A book co-edited by Sumudu Atapattu, "International Environmental Law and the Global South," was published in September by Cambridge University Press. Atapattu also co-wrote the introduction to the book, "The North-South Divide in International Environmental Law: Framing the Issues," and contributed the article, "The Significance of International Environmental Law Principles in Reinforcing or Dismantling the North-South Divide."
Alta Charo's article, "CRISPR Critters and CRISPR Cracks," discusses current and futuristic non-human applications of the new CRISPR technology for genetic engineering, noting areas in which these new organisms fall between the regulatory cracks. It was published in the American Journal of Bioethics in September.
An excerpt of Lisa Alexander’s article, "Hip-Hop and Housing: Revisiting Culture, Urban Space, Power and Law," was reprinted in the Real Property Law Section of the anthology, "Hip Hop and the Law," published by Carolina Academic Press in August.
Wisconsin faculty members share a commitment to excellence in research, embracing a wide variety of substantive concerns and methodological approaches. The faculty has long been known for its interest in interdisciplinary work and for its commitment to a law-in-action approach to scholarship.
For Wisconsin scholars, no matter how interesting or elegant the underlying theory, Wisconsin's law-in-action approach challenges them to answer the question: "Why should this matter to people in the real world?" In contrast to legal scholars whose work is theory-based, Wisconsin scholars tend to begin with an observed, real-world problem or phenomenon and then seek to explain it and to put it into a larger theoretical context.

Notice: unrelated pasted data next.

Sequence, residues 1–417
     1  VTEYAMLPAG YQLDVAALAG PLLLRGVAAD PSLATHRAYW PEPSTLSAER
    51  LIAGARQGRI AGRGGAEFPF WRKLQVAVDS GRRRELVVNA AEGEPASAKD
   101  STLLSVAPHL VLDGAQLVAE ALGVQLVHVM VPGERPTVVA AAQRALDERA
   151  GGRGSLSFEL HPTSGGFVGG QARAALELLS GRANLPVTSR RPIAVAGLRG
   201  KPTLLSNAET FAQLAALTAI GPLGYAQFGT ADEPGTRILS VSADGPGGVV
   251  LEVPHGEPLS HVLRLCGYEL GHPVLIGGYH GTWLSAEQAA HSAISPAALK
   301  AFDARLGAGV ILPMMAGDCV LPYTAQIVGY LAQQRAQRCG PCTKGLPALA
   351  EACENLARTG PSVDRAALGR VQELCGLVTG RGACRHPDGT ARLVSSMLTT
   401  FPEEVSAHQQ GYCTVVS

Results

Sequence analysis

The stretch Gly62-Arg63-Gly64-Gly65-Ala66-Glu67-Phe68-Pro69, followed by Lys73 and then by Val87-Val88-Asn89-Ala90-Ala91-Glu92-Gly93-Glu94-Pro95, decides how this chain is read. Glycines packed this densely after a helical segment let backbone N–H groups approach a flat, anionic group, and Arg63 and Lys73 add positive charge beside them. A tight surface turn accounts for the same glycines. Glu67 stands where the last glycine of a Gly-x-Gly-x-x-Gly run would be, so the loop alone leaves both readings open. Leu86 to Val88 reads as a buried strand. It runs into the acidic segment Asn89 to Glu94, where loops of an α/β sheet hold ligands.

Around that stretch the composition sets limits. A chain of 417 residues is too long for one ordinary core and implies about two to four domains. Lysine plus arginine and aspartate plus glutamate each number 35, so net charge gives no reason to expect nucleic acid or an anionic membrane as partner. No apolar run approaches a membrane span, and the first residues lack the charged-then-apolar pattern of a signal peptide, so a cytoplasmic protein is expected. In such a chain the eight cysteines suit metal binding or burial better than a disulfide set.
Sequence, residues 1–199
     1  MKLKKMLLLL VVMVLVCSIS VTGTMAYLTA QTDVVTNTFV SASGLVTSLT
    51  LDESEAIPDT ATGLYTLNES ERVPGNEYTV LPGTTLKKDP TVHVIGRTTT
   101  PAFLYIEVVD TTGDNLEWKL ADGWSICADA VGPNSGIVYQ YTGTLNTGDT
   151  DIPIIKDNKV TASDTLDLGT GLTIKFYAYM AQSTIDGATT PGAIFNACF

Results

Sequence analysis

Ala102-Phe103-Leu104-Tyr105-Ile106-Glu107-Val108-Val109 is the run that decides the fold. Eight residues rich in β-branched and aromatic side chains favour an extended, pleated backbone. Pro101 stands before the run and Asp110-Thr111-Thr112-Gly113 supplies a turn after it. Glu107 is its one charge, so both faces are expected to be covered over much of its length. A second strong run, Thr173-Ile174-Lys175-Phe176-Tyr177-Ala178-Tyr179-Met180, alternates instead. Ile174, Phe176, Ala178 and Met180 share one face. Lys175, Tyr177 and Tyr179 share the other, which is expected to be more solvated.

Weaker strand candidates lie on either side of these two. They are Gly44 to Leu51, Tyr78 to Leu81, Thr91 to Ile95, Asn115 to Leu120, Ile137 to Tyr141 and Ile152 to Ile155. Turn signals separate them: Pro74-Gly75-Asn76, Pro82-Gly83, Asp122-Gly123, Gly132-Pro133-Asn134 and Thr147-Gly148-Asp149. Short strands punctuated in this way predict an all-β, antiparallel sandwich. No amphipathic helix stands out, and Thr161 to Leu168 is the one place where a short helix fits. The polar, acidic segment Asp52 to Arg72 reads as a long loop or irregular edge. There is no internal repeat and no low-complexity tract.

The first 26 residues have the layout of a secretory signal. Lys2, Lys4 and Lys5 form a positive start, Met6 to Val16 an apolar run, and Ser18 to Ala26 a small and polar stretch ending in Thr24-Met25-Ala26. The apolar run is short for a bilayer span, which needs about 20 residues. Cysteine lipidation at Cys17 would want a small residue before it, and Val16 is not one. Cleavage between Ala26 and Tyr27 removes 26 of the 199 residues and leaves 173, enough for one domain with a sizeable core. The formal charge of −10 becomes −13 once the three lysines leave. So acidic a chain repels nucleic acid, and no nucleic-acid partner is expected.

Much of the research undertaken at Wisconsin is devoted to explaining how law and legal institutions work and often to understanding why law and legal institutions might not be working as intended. The Wisconsin faculty contextualizes law, studying it as one of many social processes that may shape behavior. Many faculty members are active in the Law & Society Association, an international organization of scholars who study the interrelation of society and the legal process; indeed, the current Wisconsin faculty includes three LSA past presidents.
The work of the Wisconsin faculty is not geographically bounded. Though a majority study U.S. law, a growing number explore law in less familiar settings and are focusing their research on the workings of law in countries throughout the world.